In the grid view, the topics are arranged in arbitrary order in a grid. Topics are represented by what I like to call Little Circles With Words in Them. The type size reflects a word's weight in a topic. Originally I wanted the circles to be word clouds, but the otherwise impressive d3-cloud is really not meant to squeeze few words into a very small space (it's much better at a bunch of words in a larger space). So I have opted instead for a simple column of words, with sizes decreasing from the center. Known issue: No effort is made to respect the horizontal bounds of the circle; the number of words is fixed by a parameter, which must be hand-tuned.
The scaled subview
In the scaled view, topics are placed close to one another if they are similar (in the sense of: having similar distributions of frequent words). To see overlapping topics more clearly, use the mouse to pan or zoom the view. The measure of topic similarity for the scaled view has to be precalculated. In the demo I use, following David Mimno, multi-dimensional scaling—i.e., principal coordinates analysis—to reduce the matrix of Jensen-Shannon divergences between topics, considered as distributions over words, into two-dimensional coordinates. The resulting spatial representation does not always produce the most intuitive juxtapositions, but it is sometimes suggestive. I have not done more fine-tuning for this alpha release.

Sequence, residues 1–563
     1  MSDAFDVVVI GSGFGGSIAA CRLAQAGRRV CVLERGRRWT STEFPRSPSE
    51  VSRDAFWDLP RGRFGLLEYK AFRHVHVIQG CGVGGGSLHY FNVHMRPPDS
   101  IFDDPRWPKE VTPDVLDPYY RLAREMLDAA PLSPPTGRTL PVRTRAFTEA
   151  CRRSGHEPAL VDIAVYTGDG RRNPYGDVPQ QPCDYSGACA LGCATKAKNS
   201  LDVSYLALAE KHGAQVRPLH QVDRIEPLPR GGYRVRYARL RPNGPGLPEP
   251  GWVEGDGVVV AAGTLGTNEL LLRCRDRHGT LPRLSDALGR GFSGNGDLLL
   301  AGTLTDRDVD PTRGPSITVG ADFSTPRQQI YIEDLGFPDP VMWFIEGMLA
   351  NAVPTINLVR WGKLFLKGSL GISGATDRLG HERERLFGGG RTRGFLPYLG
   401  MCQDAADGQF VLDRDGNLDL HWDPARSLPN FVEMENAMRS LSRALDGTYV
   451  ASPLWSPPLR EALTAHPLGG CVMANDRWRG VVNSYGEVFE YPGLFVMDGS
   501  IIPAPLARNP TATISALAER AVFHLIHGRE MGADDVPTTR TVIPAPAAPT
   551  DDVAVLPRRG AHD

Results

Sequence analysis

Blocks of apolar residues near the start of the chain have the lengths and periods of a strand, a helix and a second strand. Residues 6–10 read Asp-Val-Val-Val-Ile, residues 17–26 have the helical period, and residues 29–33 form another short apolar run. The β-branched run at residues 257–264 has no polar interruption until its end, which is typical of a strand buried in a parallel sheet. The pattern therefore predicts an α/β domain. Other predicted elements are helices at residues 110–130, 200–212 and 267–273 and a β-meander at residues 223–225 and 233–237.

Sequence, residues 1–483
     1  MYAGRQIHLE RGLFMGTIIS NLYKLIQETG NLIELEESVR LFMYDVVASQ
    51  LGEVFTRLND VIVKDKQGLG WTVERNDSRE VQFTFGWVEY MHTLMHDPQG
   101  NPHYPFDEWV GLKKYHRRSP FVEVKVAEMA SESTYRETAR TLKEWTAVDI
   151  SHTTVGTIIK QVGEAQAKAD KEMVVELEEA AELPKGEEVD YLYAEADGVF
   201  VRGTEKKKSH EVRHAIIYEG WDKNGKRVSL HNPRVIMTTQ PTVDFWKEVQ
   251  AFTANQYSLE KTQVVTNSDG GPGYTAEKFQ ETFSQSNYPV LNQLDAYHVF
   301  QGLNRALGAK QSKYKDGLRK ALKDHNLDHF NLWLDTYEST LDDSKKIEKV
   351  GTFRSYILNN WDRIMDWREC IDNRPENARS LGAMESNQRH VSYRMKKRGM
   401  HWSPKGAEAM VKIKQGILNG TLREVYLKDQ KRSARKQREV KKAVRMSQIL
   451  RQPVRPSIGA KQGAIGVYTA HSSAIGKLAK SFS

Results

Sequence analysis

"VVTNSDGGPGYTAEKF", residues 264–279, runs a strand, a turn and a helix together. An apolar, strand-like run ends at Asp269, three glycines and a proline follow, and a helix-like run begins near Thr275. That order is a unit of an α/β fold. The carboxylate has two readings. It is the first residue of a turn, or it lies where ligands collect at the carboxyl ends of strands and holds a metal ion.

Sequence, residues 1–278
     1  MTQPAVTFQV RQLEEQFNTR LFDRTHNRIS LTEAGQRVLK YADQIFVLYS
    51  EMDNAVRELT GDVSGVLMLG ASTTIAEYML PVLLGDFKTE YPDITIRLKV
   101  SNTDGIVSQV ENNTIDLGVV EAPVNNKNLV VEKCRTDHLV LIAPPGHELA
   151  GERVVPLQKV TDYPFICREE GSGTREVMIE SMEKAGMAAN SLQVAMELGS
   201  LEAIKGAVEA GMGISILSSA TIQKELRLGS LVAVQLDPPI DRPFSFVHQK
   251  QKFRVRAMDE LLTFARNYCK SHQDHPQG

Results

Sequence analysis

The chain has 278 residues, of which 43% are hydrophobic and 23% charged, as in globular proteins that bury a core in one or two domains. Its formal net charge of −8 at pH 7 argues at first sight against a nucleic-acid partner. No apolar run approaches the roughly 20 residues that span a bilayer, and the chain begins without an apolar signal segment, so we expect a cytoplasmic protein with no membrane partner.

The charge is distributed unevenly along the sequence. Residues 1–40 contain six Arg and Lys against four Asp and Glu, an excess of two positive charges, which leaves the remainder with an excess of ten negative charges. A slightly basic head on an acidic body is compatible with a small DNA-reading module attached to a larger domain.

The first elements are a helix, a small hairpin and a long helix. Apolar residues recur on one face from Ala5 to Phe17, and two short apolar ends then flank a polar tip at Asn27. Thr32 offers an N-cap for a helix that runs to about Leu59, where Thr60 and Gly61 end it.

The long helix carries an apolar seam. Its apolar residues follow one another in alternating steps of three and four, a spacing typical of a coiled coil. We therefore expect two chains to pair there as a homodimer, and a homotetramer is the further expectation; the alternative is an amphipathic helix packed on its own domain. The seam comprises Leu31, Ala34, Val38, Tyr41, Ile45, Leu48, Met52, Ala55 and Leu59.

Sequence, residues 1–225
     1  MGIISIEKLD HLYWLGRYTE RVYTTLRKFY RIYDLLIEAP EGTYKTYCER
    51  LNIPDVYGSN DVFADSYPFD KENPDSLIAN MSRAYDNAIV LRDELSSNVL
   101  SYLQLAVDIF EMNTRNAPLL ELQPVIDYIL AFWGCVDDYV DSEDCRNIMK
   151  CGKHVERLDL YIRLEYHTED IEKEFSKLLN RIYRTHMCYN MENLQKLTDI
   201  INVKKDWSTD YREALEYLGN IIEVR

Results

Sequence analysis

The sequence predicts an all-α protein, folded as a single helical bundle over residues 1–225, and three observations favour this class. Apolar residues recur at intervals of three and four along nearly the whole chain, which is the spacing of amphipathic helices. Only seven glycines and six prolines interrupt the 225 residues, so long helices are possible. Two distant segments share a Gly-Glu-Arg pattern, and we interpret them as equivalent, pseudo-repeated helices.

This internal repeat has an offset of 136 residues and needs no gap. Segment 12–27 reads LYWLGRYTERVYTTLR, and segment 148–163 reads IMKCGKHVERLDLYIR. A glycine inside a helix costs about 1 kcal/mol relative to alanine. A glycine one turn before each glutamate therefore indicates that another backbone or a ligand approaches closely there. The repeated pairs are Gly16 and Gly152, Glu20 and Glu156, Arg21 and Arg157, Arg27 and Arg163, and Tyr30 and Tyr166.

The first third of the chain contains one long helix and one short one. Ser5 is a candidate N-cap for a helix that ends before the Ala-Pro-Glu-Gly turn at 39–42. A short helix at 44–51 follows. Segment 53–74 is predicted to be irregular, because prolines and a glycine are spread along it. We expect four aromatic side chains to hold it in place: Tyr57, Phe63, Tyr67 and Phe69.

The list subview
In the list view, the topics are listed in table form. To help compare topics among one another, the table can be sorted in several ways. By default topics come in an arbitrary order. Click the "top words" header to see the list sorted alphabetically by most frequent words. On the far right is the proportion of all the words in the corpus assigned to the given topic, visualized as a length (the blue bar). This sorting by corpus proportion is deceptive in the sense that the highest-proportion topics are often the least interesting parts of the model—agglomerations of very common words without a clear thematic content.
The column to the left of the topic key words shows a miniature graph of the topic time-series (visible more fully in the topic view; see below). This gives a rough sense of the distribution of the topic over document years. Click the column header to sort by the year in which the topic attains its maximum proportion. Note that the y-axes of these miniature bar charts are not all on the same scale.